I was lucky – I was diagnosed at birth. The doctors knew something was off with my heart rhythm when I was in utero, but the technology back then wasn’t advanced enough to know more than that. I was in distress when I was born, and I was born with heart block along with my LQTS Type 2. I was really fortunate to have pediatric cardiologists on the other side of Ann Arbor who knew about LQTS. I was zipped across town a few hours after I was born, and given my first temporary pacemaker. A couple days later, I was given my permanent pacemaker and started on a beta blocker. I’ve had the same course of treatment my whole life, and had an ICD/Pacemaker implanted in my early 20’s.
Things have come full circle with my daughter, Gabby, who had a similar presentation when she was born – she had heart block, and her first device put in right when she was born. But we knew a lot more this time around.
When I was growing up, the SADS Foundation was the only resource out there for families with LQTS. In the 1980s and 1990s, there wasn’t an abundance of information about LQTS – I remember my mom telling me that when they started learning about it, after I was born, they asked the cardiologist for all the medical journal information they could find. And it was only a handful of articles – they were able to print out every single article that existed. The SADS Foundation was a good repository for them.
A few years after my husband Brad and I moved to Michigan, the SADS conference was in Ann Arbor. I went to the conference and got reconnected. I was starting to have questions about having a child, being pregnant with a SADS condition, and what it would look like for the baby if she had it. I got connected to Alice, and I was able to meet other people with my heart condition face-to-face, which was pretty special.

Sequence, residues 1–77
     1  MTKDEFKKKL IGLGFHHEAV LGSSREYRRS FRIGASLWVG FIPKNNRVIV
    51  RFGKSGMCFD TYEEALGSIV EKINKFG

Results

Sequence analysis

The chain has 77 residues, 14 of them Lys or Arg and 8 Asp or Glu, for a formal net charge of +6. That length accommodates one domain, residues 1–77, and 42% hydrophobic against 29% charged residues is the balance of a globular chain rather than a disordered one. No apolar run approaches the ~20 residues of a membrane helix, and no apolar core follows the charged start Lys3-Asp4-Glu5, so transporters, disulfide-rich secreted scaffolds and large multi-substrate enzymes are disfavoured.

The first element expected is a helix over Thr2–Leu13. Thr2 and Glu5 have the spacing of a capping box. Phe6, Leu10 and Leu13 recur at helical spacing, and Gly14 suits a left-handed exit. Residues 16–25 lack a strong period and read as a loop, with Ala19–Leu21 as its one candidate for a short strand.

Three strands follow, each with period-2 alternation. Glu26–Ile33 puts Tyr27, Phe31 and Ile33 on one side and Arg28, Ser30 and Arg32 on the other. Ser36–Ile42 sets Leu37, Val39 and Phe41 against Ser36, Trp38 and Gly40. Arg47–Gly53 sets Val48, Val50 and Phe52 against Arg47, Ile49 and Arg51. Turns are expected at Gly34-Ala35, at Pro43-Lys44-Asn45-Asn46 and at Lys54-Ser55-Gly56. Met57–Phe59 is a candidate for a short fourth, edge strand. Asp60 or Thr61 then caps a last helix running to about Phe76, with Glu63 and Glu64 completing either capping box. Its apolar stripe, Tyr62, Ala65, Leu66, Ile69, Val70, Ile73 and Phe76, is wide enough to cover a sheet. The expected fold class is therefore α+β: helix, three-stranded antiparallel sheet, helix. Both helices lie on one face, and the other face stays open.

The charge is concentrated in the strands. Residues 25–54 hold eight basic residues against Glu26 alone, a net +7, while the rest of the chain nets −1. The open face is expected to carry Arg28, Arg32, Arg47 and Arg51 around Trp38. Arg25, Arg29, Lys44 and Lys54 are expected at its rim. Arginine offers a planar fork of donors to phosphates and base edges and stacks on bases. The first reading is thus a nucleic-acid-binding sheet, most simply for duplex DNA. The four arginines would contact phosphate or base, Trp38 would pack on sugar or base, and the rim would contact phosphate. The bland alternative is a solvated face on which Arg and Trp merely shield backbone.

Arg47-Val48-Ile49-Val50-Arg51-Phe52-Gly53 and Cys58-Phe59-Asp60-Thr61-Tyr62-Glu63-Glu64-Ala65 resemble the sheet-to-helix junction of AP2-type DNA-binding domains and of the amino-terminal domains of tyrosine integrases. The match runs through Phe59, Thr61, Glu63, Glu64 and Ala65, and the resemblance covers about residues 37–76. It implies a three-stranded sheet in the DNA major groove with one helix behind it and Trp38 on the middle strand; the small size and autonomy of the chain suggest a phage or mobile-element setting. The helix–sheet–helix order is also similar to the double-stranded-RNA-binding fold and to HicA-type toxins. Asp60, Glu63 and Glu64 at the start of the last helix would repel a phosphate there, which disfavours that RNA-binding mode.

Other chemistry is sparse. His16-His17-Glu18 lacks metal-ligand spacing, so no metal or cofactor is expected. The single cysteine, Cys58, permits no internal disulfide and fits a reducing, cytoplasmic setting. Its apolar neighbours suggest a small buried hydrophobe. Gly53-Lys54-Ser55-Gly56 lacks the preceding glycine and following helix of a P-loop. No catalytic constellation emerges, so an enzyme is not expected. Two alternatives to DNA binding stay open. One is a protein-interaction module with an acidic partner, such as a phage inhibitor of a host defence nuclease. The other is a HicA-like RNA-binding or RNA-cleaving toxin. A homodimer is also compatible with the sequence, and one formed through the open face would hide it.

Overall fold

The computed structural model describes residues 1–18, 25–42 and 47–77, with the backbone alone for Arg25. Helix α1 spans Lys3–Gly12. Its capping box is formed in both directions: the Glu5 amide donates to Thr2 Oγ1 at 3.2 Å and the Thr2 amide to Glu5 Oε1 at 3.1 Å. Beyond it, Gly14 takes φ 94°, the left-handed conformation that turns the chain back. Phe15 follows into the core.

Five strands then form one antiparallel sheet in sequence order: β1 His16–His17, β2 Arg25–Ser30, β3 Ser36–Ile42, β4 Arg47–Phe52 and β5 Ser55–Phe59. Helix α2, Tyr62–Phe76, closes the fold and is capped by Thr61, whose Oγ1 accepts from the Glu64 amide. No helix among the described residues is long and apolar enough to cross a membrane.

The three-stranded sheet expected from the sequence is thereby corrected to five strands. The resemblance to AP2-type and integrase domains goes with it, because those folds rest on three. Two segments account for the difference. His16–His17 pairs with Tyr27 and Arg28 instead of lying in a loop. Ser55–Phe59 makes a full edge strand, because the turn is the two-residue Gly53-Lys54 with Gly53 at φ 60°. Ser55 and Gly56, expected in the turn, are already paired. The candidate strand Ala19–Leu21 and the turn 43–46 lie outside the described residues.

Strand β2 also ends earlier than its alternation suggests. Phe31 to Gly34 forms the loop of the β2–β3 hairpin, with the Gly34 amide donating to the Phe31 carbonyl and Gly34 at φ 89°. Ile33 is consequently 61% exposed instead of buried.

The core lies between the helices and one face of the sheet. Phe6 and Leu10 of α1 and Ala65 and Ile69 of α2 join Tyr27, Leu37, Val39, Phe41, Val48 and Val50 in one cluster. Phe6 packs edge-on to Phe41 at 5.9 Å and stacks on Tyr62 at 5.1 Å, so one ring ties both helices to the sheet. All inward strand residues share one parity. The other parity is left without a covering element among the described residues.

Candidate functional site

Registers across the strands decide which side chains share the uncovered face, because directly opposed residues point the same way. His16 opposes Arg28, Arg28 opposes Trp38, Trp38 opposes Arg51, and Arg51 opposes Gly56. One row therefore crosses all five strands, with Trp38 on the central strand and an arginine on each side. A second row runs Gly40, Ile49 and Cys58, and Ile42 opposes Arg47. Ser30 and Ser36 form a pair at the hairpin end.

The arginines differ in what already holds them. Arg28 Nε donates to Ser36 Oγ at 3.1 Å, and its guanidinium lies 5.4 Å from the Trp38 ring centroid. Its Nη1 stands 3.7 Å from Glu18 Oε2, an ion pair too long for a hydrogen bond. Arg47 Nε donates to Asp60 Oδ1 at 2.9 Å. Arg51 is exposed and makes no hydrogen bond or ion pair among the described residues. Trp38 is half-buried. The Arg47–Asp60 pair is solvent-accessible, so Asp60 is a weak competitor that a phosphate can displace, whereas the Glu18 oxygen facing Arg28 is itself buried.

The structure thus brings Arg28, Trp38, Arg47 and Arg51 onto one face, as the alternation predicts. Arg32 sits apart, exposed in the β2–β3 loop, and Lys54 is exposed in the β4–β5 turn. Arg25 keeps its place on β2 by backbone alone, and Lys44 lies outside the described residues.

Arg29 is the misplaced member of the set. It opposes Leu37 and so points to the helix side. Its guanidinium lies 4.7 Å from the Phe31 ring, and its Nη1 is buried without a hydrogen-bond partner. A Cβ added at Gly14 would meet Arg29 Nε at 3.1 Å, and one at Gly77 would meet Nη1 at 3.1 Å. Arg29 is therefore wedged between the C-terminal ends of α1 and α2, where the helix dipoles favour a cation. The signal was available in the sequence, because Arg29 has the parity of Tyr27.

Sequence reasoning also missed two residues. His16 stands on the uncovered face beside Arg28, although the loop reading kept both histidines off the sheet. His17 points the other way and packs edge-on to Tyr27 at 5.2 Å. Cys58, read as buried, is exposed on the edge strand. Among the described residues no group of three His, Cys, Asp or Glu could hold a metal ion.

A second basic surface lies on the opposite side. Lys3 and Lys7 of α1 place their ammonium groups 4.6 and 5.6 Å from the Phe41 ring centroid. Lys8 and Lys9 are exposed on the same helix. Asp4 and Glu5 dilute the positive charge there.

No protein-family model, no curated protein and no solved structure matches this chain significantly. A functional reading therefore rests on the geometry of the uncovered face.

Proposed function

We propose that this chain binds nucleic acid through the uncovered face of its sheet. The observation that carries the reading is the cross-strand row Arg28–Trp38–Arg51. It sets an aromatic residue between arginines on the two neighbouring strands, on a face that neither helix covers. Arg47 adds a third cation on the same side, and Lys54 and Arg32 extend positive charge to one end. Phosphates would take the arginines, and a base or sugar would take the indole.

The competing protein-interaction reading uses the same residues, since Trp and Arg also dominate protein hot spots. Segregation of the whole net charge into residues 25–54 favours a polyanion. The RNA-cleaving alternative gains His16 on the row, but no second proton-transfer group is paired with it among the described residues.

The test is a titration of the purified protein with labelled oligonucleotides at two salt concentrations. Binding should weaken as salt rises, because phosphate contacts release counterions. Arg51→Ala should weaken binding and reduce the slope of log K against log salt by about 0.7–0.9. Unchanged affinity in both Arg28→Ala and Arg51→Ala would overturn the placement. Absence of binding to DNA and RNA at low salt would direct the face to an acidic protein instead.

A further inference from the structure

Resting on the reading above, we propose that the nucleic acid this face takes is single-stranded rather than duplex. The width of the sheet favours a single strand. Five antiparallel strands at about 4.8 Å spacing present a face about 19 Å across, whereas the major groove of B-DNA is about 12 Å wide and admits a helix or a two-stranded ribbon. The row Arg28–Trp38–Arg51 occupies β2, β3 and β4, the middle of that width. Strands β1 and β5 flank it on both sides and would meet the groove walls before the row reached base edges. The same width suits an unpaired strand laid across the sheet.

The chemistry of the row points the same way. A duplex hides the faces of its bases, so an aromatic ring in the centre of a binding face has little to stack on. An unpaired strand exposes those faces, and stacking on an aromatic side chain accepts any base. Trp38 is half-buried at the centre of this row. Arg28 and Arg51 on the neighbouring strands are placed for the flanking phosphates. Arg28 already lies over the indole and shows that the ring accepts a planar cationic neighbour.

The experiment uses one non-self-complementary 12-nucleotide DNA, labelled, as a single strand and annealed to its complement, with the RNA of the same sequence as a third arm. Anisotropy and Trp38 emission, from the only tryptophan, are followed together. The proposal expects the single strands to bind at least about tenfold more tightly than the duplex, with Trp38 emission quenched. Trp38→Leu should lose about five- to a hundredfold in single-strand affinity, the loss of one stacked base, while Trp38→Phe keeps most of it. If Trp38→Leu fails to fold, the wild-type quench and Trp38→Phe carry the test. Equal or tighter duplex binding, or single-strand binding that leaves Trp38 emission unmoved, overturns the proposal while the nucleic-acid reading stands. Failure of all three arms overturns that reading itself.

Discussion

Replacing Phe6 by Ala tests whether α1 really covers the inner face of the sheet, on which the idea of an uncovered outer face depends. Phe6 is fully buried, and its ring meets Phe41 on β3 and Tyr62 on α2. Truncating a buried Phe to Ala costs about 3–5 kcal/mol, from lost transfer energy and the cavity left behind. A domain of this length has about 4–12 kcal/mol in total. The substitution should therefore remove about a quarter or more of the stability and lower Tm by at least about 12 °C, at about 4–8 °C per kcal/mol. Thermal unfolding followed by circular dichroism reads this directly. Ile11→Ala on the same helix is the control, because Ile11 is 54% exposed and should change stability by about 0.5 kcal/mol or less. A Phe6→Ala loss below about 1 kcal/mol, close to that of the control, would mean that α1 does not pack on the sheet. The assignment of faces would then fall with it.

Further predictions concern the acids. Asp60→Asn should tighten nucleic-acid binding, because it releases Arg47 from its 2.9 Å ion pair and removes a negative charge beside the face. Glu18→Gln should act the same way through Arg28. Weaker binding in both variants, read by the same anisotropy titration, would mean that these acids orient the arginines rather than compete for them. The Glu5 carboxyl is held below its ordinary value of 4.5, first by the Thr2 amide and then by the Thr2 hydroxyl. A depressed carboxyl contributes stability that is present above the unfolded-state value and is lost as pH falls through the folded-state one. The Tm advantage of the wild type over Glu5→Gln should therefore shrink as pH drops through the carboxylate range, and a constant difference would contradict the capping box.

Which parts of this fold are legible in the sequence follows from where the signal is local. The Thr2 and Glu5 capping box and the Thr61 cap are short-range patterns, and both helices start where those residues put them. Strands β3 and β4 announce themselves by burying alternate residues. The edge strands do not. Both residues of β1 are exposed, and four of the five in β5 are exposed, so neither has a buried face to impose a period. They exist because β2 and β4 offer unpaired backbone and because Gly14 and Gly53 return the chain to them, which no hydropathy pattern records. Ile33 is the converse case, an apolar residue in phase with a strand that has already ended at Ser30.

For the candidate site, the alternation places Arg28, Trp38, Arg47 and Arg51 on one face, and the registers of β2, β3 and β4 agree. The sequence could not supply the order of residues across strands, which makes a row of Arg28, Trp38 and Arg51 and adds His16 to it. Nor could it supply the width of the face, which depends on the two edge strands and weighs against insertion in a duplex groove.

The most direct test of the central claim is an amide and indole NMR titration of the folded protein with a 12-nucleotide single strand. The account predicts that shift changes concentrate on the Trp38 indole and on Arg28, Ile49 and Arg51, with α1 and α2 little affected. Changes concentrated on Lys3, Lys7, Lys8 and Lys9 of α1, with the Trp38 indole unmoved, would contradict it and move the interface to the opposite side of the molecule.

After the conference, I emailed Alice directly about pregnancy and SADS conditions; I was hoping I could talk to somebody who’d gone through the experience. She responded very quickly and immediately connected me to a couple individuals who were really generous and shared their stories with me. Their openness about their experiences allowed me to feel confident about my decisions. They were so important to me during pregnancy, and I still consider them friends.
I started volunteering to be part of the Community Engagement Committee when I went to the conference in Ann Arbor. I was talking with volunteer Jen White and Alice about a research proposal – I have a history in clinical research and grant work – and we worked together to put together that application. That was the gateway to other activities. I like being on the CEC committee, and giving a little slice of the knowledge that I have to the SADS Foundation.
I’m also a facilitator for the SADS Foundation’s ICD Support Group. It was an honor to be asked to lead the group – I was very flattered. Even though I’m a facilitator, I’m also very engaged in the conversation, and it’s been a very powerful experience for me. It’s become a sacred time each month that my husband and I work very hard to block off.
It’s hard to describe what the feeling is when you find someone who’s going through the same challenges that you are. It’s validating. We all have different backgrounds in the support group – we have different communities and families, but we have that one unifying thing. And for many of us, that was such a pivotal moment in our lives, when we learned we were going to be living with an ICD – or woke up with one in our chest. It’s pretty cool that SADS was able to bring this group of people together and provide a platform for these discussions.
One of the reasons that I am active with the SADS Foundation is that I was grateful for those who were open with me, and I hope that my own experiences can help someone else who may feel like they need it. If you’re interested in getting involved, the SADS Foundation is a small organization – even though it provides a lot of information and resources, it’s very personal and personalized. Reach out to any individual person you find on the website and they can find the right activity for you. It’s easier than you think to get involved!
Are you interested in becoming a volunteer at the SADS Foundation? Click here to get started.